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After the storm: how to check your property

After the storm: how to check your property
Christina Hoghton
Written By:
Christina Hoghton
Posted:
23/01/2024
Updated:
06/02/2024

We may have only just got over Storm Isha, but Storm Jocelyn has already hit the UK.

The Met Office has forecast even stronger winds than those experienced during the weekend.

Homeowners may not yet be aware of the extent of damage done to their properties, but storms can wreak havoc on your home.

To help identify common problems as a result of storm damage, Toolstation asked its experts to create a quick damage checklist for homeowners.

Here’s what they said:

Post Storm Property Checklist

1. Inspecting gutters

Danielle Robinson, drainage and ventilation product category manager at Toolstation, recommended inspecting gutters after heavy winds.

She said: “You should examine gutters for debris and damage caused by heavy winds. Clogged gutters can lead to water pooling on the roof, which can cause damage to the roof fascia or tiles.

“This can result in damage to the roof insulation, mould and mildew build up, energy inefficiency and even structural issues which require costly repairs or replacement. Over time, this could lead to roof leaks.

“Gutters filled with dirt create an attractive environment for pests such as birds or rodents. These pests can cause damage to your home and pose potential health risks.

“If gutters are left clogged and overloaded, they can sag or pull away from the house, reducing their effectiveness and lifespan. Replacing damaged gutters could cost you upward of £900.”

2. Roof inspection
Rhiannon Moore, spokesperson at Toolstation, discussed other key areas around the home which should be monitored following heavy winds, including your roof, garden and windows.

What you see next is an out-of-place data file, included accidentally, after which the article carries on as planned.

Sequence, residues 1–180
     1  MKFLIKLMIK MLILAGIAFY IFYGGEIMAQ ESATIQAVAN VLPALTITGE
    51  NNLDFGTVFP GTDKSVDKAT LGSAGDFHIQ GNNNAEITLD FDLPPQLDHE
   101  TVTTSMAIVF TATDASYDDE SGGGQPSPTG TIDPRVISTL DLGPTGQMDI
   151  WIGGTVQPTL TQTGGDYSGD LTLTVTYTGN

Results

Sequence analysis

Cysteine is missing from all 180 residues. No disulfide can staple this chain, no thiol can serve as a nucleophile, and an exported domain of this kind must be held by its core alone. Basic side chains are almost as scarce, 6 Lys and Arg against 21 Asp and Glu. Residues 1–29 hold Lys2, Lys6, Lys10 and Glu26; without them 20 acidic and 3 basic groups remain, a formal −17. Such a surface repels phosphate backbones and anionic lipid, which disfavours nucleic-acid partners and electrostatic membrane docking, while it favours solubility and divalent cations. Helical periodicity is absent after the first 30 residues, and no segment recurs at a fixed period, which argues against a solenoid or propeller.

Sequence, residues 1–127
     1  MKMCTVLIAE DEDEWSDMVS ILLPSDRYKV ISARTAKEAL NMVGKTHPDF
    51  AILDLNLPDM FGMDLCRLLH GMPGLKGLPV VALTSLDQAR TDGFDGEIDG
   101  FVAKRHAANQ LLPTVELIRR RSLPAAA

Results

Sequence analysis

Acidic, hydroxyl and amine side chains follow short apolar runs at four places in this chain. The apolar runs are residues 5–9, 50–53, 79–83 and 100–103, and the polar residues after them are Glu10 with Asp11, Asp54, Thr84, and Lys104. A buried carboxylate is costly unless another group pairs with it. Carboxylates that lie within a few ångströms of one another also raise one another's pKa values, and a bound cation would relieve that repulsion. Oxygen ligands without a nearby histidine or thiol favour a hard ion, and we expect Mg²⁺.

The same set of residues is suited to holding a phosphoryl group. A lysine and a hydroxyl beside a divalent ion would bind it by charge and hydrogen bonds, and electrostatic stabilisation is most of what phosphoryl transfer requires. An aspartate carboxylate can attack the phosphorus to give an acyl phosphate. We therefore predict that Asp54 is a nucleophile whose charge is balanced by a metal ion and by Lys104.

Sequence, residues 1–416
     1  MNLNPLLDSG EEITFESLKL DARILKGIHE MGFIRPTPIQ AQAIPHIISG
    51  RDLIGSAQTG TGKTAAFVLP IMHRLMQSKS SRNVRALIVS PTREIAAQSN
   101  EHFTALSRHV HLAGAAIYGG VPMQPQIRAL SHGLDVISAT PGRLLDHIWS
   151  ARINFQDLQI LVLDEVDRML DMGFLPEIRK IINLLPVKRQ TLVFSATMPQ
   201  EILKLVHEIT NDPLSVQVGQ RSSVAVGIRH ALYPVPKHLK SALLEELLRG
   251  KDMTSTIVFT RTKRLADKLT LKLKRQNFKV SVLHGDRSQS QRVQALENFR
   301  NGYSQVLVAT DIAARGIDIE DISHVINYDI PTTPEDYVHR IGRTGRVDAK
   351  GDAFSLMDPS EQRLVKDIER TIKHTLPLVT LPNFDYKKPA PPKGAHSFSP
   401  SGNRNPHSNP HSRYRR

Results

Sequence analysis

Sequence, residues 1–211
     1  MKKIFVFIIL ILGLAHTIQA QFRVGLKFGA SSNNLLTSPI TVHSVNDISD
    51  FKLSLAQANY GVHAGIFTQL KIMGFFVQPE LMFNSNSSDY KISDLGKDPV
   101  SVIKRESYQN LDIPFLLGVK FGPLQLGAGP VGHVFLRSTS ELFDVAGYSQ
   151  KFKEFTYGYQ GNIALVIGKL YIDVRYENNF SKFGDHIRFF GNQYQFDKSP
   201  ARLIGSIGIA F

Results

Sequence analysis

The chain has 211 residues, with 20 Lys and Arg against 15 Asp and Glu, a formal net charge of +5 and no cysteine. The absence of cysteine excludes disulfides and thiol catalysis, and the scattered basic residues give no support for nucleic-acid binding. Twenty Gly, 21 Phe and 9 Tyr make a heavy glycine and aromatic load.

She said: “You should have your roof professionally inspected at least once a year. Sixty per cent of roofers we spoke to recommend that you should pay close attention to any loose shingles or fallen tiles, particularly during periods of high winds and after storms.

“Roofers on our panel advised against going up yourself to physically inspect the roof, suggesting that it would be better to wait until weather conditions are more favourable and if in doubt, asking a professional.”

3. Window and door inspection

Moore continued: “Windows and doors are vulnerable points during storms, and their frames can suffer damage.

“You should inspect the frames for any signs of water leaks. Leaks can lead to water damage, mould growth, and compromised structural integrity. Look for water stains, discoloration, or visible damage around the frames.

“If winds are strong enough, objects could be thrown around and cause dents in the frame or damage the window glass. You should be checking all windows for cracks or any chips in the glass. Damaged glass is not only unsightly, but it can also compromise the security and energy efficiency of your home.”

4. Fence and gate inspection

“Fences are often exposed to the full force of storms, and a damaged fence compromises security and privacy”, added Moore.

“You should look for any visible damage to the fence, such as broken panels, missing pickets, or bent rails.

“If you have gates in your home, you should check if they can still open and close smoothly. Storms can put additional stress on gates, so regular inspection is crucial. If the gate does not open as smoothly post-storm you may consider using a lubricant on the hinges to ensure gate mechanisms work correctly.”

5. Garden inspection

Moore said: “Storms can wreak havoc on your garden. You should inspect your garden thoroughly to identify any issues. Unsecured furniture or items may have become projectiles during the high winds, potentially causing damage to both plants and your property.

“You should also assess the conditions of trees and plants. If you were not able to prune or remove any broken branches ahead of the storm it is possible, they will have fallen. You should also inspect plants and flower beds as the harsh winds may have been uprooted, they will need to be replanted to ensure proper recovery.”